« The race is on! | Main | Mix message on going to school in the US »

May 08, 2009

Has the political landscape shifted enough to change the dynamics of immigration reform?

Opinion, The immigration debate, again

By Tamar Jacoby, May 7, 2009

"Immigration reform -- you may think you've seen this movie before, too many times already. You know the arguments. You dread the polarization. And you doubt that Congress can do any better at making the compromises needed to fix the system.

But with the Obama White House rekindling the conversation about immigration, skeptics ought to think again. None of the problems have gone away, after all. Neither the economic downturn nor enhanced enforcement has driven 12 million illegal immigrants to leave the country. Enforcement is still far from effective, either on the border or in the workplace. And even in a recession, we still seem to need foreign workers, especially at the bottom of the economy.

But other things have changed since 2006 and 2007, when the nation last wrangled so bitterly over immigration. And although the new landscape hardly guarantees success -- immigration is never an easy issue, and some of what has changed will make it harder to pass reform -- it's going to be a different debate this year.

The most prominent feature of the new landscape is the recession, which at first blush makes reform more difficult. With unemployment still rising, many Americans doubt that we need foreign workers. Voters are thinking about themselves first. They have no patience for other people's problems. And, as always when times are hard, there's a danger that populist resentments will curdle into xenophobia, creating pressure to seal the border rather than craft a way for newcomers to come here to work legally.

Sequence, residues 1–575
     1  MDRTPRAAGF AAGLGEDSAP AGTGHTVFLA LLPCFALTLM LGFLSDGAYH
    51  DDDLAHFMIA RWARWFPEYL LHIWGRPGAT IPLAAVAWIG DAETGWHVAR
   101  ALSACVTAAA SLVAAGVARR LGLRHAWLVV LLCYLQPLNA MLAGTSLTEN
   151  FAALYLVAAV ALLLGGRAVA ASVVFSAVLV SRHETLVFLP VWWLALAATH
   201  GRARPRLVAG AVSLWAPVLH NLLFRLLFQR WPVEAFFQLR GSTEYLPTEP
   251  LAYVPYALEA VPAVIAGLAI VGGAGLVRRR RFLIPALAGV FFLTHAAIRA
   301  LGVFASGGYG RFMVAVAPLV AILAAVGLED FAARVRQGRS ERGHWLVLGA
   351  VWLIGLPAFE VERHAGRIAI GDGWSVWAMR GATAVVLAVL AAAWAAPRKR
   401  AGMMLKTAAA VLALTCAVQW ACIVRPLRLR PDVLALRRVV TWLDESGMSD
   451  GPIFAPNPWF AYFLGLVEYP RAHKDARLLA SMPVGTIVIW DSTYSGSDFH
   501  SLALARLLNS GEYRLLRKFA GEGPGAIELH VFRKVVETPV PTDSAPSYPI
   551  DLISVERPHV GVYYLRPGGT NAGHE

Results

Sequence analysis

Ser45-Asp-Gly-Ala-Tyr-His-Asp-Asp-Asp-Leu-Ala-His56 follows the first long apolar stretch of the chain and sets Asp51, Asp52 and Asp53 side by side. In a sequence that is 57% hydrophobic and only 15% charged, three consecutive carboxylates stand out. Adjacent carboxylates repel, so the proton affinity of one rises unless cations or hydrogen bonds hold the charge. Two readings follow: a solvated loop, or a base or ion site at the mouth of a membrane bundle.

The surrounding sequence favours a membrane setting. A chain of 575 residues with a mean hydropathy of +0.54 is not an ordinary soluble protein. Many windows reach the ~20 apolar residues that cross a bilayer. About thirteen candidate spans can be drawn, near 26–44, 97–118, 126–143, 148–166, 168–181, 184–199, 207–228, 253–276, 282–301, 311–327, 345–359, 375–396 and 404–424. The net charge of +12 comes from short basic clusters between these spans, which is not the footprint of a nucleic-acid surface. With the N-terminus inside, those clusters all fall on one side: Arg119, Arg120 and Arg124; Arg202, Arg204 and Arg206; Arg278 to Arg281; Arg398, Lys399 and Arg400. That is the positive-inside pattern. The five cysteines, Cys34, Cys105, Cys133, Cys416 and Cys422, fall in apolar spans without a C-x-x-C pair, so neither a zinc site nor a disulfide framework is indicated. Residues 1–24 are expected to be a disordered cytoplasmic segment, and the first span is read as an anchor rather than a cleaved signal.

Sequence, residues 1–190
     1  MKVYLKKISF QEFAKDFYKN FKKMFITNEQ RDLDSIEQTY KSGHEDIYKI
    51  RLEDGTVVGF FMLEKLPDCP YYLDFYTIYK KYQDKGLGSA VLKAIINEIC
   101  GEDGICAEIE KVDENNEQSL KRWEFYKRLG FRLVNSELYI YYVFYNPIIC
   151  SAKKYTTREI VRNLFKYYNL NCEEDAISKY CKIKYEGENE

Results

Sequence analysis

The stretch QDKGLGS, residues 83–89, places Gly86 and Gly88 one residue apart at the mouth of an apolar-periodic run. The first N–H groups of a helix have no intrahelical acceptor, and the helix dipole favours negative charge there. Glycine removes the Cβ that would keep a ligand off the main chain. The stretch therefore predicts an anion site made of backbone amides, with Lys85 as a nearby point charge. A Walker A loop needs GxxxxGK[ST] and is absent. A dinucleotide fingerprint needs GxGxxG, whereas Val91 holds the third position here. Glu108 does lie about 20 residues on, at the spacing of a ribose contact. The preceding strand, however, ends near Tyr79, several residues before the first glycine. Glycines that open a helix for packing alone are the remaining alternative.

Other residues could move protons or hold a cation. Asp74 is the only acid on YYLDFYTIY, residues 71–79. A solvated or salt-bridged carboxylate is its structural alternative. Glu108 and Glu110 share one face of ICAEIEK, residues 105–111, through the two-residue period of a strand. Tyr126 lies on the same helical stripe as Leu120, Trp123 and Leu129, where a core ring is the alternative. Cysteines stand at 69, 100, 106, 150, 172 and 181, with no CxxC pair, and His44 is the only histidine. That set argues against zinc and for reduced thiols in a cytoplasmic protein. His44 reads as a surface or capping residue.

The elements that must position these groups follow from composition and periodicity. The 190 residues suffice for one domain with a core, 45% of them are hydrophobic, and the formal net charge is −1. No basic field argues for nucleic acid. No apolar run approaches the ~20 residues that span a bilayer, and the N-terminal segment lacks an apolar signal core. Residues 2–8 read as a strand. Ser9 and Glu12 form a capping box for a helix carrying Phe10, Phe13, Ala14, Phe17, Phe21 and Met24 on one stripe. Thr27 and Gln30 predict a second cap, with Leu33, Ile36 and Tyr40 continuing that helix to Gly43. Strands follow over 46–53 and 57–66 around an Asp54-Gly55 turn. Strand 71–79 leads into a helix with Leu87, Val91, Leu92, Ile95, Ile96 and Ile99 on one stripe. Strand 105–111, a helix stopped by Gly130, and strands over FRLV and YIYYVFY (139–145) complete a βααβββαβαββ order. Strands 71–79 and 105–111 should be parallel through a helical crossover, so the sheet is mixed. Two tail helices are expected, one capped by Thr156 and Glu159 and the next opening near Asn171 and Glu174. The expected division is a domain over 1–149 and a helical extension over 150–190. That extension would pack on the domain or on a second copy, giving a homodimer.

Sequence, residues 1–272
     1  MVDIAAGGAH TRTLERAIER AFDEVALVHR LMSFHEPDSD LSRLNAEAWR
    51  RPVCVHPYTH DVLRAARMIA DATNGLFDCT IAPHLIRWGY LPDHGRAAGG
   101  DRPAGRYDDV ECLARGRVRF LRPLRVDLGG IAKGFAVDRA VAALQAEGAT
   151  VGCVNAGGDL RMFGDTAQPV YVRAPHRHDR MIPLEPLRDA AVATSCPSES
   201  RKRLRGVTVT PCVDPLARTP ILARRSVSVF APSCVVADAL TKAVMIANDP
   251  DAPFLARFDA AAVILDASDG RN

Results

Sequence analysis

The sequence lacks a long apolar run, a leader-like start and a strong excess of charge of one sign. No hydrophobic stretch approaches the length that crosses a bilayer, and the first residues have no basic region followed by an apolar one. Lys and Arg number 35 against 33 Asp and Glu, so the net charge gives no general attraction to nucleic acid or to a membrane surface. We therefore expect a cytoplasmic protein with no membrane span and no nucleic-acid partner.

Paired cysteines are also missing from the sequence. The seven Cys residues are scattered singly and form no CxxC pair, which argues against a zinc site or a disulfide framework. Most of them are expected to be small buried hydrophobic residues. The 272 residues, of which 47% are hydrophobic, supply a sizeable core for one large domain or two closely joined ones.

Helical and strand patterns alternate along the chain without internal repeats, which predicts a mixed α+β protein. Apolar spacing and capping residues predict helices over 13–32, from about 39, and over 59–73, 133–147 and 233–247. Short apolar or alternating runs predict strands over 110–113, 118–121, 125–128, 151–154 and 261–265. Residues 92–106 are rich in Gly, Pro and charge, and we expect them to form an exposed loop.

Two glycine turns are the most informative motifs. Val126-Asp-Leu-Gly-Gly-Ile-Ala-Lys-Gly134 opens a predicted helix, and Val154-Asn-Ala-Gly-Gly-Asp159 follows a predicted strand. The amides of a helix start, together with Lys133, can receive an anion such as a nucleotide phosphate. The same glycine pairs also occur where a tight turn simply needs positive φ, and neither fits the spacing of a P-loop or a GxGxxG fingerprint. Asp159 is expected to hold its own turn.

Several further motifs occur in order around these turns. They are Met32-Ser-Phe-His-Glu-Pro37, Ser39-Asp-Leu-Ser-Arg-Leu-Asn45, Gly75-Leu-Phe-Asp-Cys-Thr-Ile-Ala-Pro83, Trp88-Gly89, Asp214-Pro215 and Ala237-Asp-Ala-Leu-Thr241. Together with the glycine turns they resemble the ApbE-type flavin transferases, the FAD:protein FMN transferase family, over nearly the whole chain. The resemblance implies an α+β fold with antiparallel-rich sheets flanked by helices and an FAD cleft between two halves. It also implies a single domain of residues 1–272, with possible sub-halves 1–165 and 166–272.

But so far, the recession isn't having that effect. Journalists and employers report that not even unemployed Americans seem to want to do farm work or day-labor jobs, at least not yet. Many fewer foreigners are coming to the U.S. in search of work: They know there are fewer jobs available. And the reduced flow seems to be easing American anxieties somewhat...".

www.chicagotribune.com/news/opinion/la-oe-jacoby
chicagotribune.com

Posted by VisaLawyer at May 8, 2009 09:34 AM

Comments

Post a comment




Remember Me?

(you may use HTML tags for style)